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Google’s search algorithm just got slightly less mysterious

The search giant is going to start providing a little context—but only a little—about how it decides which web pages to tell you about.

Google’s search algorithm just got slightly less mysterious
[Source images: Nobi_Prizue/iStock; Sergey Zolkin/Unsplash]
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Since February, there have been three little dots next to each link in Google’s search results. If you’ve noticed the dots and clicked on them, you’ve gotten a pop-up panel called “About this result” that’s provided information such as a description of the site Google is linking to, how long it’s been in the Google index, and whether it’s encrypted. Now Google is building out this info panel with a section called “Your search & this result,” which offers details on why a particular page is in the results.

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For most results, you’ll get see the words in your query that led Google to come up with a particular result. You’ll also see related terms that factored into the result showing up: Search for “how to cook fish in an oven,” for example, and Google will extrapolate that to pages relevant to “ingredients,” “recipe,” and “baked,” which may be good picks even though you didn’t use those words.

[Image: courtesy of Google]
Other bits of information that may show up in “Your search & this result” include whether a result is specific to your locality or of broader geographic relevance and what language it’s in. Google will also note if it chose a result because it’s widely linked to by other pages—the original sign of relevance that Google search was based on in the first place.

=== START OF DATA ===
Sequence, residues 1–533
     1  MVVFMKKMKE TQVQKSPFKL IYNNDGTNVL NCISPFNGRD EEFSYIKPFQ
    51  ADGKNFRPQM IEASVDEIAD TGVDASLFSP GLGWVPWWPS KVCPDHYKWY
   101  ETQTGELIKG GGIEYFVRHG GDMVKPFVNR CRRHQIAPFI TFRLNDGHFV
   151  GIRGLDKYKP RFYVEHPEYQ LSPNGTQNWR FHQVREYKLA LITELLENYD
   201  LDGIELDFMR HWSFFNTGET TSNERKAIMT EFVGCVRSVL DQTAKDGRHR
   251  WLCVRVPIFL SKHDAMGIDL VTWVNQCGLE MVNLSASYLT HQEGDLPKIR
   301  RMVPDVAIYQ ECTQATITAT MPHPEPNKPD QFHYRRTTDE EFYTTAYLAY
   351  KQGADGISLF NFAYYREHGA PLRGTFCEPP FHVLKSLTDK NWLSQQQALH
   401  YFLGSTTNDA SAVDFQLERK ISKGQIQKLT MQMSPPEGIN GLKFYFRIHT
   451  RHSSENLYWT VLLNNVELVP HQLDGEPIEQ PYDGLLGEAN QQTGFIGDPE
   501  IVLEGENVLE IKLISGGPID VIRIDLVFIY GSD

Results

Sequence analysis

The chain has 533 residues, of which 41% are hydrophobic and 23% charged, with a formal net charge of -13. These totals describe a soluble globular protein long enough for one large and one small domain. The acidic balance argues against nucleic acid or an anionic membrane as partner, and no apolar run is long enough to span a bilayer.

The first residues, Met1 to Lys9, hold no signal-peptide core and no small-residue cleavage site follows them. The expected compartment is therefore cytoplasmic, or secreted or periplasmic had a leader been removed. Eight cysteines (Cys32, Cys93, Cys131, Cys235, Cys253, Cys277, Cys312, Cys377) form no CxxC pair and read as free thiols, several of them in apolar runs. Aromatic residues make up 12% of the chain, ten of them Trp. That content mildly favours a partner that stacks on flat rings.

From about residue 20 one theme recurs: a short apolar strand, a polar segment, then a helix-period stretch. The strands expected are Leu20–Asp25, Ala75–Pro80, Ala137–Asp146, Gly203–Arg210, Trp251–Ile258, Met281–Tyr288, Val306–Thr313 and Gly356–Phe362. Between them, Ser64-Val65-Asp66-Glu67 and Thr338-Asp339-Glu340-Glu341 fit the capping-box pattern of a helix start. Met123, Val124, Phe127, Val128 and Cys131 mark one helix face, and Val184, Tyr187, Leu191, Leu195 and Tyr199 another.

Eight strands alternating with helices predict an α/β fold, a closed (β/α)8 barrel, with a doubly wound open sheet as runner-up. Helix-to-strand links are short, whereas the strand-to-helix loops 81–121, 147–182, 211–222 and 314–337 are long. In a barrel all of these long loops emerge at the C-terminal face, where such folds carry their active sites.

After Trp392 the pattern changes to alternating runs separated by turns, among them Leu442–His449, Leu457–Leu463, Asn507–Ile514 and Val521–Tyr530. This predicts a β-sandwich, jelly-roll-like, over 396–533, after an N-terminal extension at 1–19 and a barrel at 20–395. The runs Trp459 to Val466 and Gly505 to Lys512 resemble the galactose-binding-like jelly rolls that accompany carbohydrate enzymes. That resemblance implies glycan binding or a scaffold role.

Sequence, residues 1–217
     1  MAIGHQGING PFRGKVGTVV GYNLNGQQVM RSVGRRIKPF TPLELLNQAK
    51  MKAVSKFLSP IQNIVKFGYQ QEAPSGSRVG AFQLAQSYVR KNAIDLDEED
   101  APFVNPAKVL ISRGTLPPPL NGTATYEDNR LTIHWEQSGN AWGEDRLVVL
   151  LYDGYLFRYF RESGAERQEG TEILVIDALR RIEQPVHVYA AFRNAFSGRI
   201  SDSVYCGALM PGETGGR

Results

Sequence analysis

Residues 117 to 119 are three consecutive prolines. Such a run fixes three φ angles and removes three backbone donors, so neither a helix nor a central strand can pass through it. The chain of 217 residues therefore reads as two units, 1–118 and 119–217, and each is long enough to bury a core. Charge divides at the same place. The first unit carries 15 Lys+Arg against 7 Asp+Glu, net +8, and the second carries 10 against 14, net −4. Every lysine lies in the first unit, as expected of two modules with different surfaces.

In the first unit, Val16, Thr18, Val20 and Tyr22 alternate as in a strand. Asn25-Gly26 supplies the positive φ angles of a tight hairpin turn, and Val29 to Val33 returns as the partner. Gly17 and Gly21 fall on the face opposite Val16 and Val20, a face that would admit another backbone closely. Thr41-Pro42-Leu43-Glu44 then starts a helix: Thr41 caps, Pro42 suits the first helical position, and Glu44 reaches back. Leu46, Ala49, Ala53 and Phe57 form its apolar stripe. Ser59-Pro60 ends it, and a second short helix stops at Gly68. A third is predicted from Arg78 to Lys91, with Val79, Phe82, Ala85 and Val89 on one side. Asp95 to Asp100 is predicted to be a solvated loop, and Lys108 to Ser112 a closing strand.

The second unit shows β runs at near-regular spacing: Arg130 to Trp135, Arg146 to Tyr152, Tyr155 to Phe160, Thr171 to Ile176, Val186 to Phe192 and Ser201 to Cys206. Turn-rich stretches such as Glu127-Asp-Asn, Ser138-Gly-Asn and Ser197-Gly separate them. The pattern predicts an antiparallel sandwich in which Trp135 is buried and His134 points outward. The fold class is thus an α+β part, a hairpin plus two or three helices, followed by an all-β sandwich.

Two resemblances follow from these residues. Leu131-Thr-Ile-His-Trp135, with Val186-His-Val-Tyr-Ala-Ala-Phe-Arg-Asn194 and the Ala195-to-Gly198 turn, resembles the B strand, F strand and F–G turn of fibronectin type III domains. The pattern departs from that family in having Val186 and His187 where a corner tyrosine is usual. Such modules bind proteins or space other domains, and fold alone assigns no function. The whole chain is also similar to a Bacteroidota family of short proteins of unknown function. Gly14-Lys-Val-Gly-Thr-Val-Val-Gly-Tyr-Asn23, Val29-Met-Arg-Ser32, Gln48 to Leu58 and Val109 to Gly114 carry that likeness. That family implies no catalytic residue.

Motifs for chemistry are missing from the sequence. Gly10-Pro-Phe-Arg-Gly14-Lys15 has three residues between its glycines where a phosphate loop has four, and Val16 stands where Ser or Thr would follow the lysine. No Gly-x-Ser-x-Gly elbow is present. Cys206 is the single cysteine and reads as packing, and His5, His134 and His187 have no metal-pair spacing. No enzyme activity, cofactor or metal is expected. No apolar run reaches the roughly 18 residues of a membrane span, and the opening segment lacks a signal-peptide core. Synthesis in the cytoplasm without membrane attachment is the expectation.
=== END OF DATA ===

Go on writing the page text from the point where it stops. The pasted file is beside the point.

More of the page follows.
[Animation: courtesy of Google]
Why is Google adding these details about search results, which will only appear if a user diligently clicks on those three dots next to a link? The company says that it wants to be transparent, especially if it will help users learn to craft search queries that are likely to work well or clarify why less-than-perfect results aren’t more relevant.  And though the new feature won’t change search results—just explain them—Google hopes that it might be a way to discover valuable sites in itself.

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According to Google product manager Elizabeth Tucker, who spoke during a briefing for reporters, “the goal here really is to help people understand results and find results that are helpful for them. I think the source section can help you find websites that will become good sources for you. We always try to offer a variety of diverse sets of results on the page, but maybe sometimes it’s not quite as diverse as we would like. We’re hoping that this additional context can actually bring some of these factors to the fore.”

[Image: courtesy of Google]
For years, critics and legislators have charged that Google is insufficiently forthcoming about how the algorithms that shape results at Google search and YouTube work. Though the company says that it wants non-search nerds to be better informed about the results they get, it’s not claiming that “Your search & this result” will allow anyone to truly reverse engineer how Google search works—a process involving thousands of elements rather than a single secret formula. “We’re not trying to explain how all of those super-duper fancy systems work under the hood,” said Tucker.

The new version of “About this result” is currently rolling out and should be widely available by next week, Google says.

About the author

Harry McCracken is the technology editor for Fast Company, based in San Francisco. In past lives, he was editor at large for Time magazine, founder and editor of Technologizer, and editor of PC World.

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